It’s often tricky to determine how much allowance kids should receive. Here’s what our family decided was the best amount.
“Mom, have you looked to see how much that American Girl doll costs?” My oldest daughter asked me for the umpteenth time.
“Ah, no, not yet. Let me just finish this first.” I said, wanting to delay the inevitable.
The truth was I knew how much the American Girl of the year cost and I knew my daughter had saved enough money to buy it.
I was proud she had saved enough to make this big purchase. She had even declined a few smaller purchases for this expense. But what I didn’t like was how quickly it had happened – four months.
In order to learn the discipline of saving, kids need to feel some pain, they need to learn to forgo not just one or two temptations but many and over a long stretch of time. Four months was not long enough, in my opinion, and it was my fault she had accumulated so much cash so quickly.
You see, months ago I had read that giving kids only half their age in allowance was not enough, they need more to really understand how to manage money.
So I increased their weekly allowance to their ages – 6 and 8.
I saw only a marginal improvement in my oldest’ ability to save and manage money, but I think this had more to do with maturity than amount. My youngest continues to spend like there is no tomorrow, practically oblivious to the amount she is given.
Getting back to the doll – of course I eventually looked up the price and went ahead and ordered it (thank goodness for a free shipping offer!). But a few days later I told my oldest I would be making changes to allowance, going back to paying half their age rather than the equivalent of their age.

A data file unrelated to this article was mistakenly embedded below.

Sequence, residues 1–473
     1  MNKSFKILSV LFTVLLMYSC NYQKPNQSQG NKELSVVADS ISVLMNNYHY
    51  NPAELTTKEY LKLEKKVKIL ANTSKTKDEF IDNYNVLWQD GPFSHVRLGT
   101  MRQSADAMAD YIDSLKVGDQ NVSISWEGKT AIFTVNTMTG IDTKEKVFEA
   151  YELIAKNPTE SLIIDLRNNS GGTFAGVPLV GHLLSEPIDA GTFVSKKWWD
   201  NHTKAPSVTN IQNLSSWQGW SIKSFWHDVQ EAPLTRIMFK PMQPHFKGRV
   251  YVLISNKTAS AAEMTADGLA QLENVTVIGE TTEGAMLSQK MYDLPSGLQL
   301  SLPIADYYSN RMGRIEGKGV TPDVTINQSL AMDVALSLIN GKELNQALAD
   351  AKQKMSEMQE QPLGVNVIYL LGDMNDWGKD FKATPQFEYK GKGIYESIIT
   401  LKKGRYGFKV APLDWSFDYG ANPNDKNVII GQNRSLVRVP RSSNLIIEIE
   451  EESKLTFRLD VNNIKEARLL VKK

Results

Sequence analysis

I braced myself for cries of “But that’s not fair!” and, “You can’t go back!” but surprisingly she just nodded and didn’t disagree.
I was shocked and very grateful.
You see, for a long time I thought going back to half their age in allowance would be unfair, but recently I began to realize what would be more unfair would be to keep them flush with cash.
Being able to buy something as expensive, and in my opinion extravagant, as an American Girl doll in just four months was not setting the right mindset of needing to struggle and make difficult choices to reach a goal.
And that’s not to say I won’t at some point go back to increasing their allowance to the equivalent of their age, or possibly even higher. But before that happens I’ll first make sure I’ve also made changes to what they are responsible to buy – like clothing, school supplies, or later car insurance. Allowance is simply a means to turn the responsibility of spending over to our children, not providing them with play money to buy whatever their hearts desire. (And to be fair, this point was most likely made in the article about increasing kids allowance, but somehow I overlooked that message.)
So lesson learned. Parenting is such an imperfect science we’re bound to make mistakes along the way and need to make course corrections. Thank goodness my daughter was so at ease about the change. Let’s hope the same is true when I tell her she can no longer wear the tight fitting jeans she received as a hand-me down.
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